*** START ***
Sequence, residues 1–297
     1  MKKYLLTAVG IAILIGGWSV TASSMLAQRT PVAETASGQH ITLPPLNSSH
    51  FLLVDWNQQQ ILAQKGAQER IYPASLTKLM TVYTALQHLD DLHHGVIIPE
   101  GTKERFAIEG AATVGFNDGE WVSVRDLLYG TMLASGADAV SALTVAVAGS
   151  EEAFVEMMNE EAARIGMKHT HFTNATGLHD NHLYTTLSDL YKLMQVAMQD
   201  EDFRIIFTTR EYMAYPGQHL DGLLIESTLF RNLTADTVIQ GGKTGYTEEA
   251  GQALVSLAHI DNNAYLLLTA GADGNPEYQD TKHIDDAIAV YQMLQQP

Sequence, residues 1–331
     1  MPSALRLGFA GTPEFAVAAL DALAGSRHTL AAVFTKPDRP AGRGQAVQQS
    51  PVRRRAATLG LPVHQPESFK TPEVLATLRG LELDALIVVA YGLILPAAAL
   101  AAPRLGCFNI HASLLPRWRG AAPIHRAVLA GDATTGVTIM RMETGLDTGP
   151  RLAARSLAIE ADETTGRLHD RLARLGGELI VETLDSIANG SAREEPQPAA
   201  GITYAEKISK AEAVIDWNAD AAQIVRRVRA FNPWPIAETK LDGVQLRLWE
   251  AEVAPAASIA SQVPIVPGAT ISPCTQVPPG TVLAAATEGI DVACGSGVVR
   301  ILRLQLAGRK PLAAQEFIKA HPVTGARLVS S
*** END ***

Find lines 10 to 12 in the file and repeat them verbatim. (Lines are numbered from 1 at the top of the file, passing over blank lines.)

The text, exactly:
    51  PVRRRAATLG LPVHQPESFK TPEVLATLRG LELDALIVVA YGLILPAAAL
   101  AAPRLGCFNI HASLLPRWRG AAPIHRAVLA GDATTGVTIM RMETGLDTGP
   151  RLAARSLAIE ADETTGRLHD RLARLGGELI VETLDSIANG SAREEPQPAA